Cognitive Behavioral Therapy (CBT) in Seattle, WA
Cognitive behavioral therapy (CBT) is a type of psychotherapy used to treat a variety of mental illnesses. CBT helps patients look more closely at the relationship between their thoughts, feelings and behaviors. CBT is believed to help adults and children find ways to challenge negative or destructive thoughts that fuel their mental illness and help them overcome negative behaviors.
According to the National Alliance on Mental Illness, studies show that cognitive behavioral therapy actually changes brain activity, leading researchers to believe that CBT improves brain function. It has shown as much benefit as antidepressant drugs for some patients who battle that specific mental illness.
Learn more about cognitive behavioral therapy. Call (425) 215-1205 or contact Dr. Richard Batson online.
Who is a Candidate for Cognitive Behavioral Therapy?
Cognitive behavioral therapy is an effective tool for a variety of mental health conditions, including (but not ilimited to) the following:
How is Cognitive Behavioral Therapy Different?
CBT is an interactive form of psychotherapy that allows the therapist and patient to work together. Therapists who work in this type of therapy focus on the patient's problems and set very specific goals for treatment.
Patients are given tools to change negative thoughts or behaviors and must complete “homework” or assignments outside of therapy sessions to help them progress.
Patients may be taught to write down negative thoughts, schedule positive activities into their day, develop more realistic responses to fear, and challenge irrational thoughts overall.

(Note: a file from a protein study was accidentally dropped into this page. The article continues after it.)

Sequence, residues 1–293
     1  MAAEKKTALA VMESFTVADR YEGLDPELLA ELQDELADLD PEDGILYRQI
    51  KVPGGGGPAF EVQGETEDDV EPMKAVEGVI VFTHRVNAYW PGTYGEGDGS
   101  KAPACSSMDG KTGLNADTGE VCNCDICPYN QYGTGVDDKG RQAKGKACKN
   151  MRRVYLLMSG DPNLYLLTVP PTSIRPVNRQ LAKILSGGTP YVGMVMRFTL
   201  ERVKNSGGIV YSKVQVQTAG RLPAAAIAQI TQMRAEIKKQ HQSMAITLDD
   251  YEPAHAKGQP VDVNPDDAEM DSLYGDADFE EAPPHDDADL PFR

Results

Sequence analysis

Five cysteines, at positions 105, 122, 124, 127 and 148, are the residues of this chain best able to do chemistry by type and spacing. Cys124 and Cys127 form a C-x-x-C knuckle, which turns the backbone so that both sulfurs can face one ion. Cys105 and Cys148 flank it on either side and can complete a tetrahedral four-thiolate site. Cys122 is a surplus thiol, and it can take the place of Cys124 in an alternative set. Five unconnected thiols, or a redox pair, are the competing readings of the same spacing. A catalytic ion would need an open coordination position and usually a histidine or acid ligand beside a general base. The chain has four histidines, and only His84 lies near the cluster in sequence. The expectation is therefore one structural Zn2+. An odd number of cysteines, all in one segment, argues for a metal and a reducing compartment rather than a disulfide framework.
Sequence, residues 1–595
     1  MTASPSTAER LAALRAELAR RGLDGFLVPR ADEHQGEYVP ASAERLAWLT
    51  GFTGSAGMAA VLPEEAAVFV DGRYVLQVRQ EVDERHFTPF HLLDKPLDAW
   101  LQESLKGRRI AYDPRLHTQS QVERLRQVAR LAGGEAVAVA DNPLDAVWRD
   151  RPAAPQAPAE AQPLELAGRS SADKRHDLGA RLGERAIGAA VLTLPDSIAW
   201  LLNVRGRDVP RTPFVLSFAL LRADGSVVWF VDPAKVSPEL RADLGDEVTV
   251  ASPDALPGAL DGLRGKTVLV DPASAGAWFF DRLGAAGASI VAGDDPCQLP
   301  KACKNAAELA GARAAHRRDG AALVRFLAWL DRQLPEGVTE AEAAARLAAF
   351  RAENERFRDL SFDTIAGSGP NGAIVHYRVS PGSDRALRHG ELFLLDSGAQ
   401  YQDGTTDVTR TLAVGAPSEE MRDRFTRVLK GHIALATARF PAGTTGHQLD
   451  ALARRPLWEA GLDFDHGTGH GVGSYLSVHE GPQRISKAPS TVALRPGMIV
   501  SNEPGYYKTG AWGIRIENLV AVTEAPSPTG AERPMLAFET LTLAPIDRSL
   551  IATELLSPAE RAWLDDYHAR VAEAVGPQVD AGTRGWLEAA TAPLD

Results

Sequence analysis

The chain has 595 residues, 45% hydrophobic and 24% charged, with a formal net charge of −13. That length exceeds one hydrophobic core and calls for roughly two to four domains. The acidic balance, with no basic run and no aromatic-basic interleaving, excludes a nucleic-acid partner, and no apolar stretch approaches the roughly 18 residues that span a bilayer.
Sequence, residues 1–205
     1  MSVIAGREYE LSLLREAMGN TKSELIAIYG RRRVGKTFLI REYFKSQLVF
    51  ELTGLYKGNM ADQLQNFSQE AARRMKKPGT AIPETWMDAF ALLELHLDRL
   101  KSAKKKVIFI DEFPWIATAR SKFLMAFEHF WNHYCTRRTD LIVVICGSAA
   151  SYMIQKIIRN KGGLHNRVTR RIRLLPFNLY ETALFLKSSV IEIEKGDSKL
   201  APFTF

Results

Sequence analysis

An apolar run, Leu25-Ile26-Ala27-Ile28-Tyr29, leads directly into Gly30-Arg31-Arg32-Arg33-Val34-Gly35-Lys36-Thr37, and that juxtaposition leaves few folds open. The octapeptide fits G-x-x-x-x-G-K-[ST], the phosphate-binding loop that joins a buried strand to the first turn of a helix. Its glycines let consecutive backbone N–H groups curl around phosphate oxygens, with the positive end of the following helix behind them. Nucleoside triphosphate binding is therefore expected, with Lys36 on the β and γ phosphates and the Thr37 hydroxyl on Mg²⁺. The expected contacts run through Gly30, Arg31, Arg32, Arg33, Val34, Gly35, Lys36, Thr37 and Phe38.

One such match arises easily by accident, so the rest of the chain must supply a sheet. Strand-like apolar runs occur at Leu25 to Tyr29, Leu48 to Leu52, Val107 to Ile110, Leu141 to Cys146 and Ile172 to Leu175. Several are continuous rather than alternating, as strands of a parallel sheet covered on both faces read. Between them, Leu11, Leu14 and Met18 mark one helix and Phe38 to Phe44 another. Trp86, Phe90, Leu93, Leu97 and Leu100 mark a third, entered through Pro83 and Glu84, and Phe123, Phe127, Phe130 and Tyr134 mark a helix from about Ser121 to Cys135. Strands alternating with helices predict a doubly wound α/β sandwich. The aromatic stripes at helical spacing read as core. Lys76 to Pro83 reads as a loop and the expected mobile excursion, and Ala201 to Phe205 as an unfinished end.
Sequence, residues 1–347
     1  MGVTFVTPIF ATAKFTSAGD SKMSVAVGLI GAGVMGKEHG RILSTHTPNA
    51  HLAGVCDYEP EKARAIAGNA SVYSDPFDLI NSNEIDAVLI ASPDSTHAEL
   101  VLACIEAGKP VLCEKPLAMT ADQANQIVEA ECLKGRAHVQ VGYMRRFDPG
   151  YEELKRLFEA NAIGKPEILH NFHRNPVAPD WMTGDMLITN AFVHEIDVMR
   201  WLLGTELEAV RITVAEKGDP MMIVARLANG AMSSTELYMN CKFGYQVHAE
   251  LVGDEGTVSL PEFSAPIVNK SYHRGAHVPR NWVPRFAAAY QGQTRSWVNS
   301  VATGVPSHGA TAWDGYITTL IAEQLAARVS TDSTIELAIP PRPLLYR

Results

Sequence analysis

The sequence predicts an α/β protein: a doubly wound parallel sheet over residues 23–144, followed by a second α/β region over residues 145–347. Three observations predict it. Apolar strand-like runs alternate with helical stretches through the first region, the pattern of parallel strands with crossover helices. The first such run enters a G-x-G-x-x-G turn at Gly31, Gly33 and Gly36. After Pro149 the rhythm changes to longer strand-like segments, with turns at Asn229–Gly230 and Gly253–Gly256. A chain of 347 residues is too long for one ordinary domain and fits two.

What Should I Expect During Cognitive Behavioral Therapy?
On your first visit, your therapist or other mental health provider will take some time to better understand your mental health. He or she will help you decide what tasks to work on. Gathering all of this information can take one or several sessions.
This is also a good time for you to get to know your therapist or CBT provider. It is very important that you feel comfortable with your provider. Not everyone's personality will work out well, though. If you feel your therapist isn't a good fit for you, try someone else. Make sure to ask him or her about his or her treatment approach, how many sessions you may need, and how long each session will last.
Remember that getting used to CBT will take some time. You may feel uncomfortable talking about your feelings at first. That's OK; above all, try to be honest with your therapist and let him or her know your reservations. He or she will be able to help you find ways to open up and feel more comfortable.
Request More Information
Cognitive behavioral therapy has a well-documented history of effectiveness for a variety of patients. By focusing on the thoughts and beliefs of the patient, professionals from many areas of health care are using this approach. To learn more, call (425) 215-1205 or contact Dr. Richard Batson online.
Neurevolution Medicine, LLC